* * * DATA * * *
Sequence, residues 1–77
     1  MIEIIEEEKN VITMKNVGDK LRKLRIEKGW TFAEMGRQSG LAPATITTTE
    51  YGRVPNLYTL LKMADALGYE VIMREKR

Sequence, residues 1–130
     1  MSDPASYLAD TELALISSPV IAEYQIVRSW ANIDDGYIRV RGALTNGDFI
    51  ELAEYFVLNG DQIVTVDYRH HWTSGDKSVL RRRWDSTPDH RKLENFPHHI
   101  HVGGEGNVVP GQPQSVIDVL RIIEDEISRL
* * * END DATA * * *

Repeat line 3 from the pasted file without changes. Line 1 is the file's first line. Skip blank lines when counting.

    51  YGRVPNLYTL LKMADALGYE VIMREKR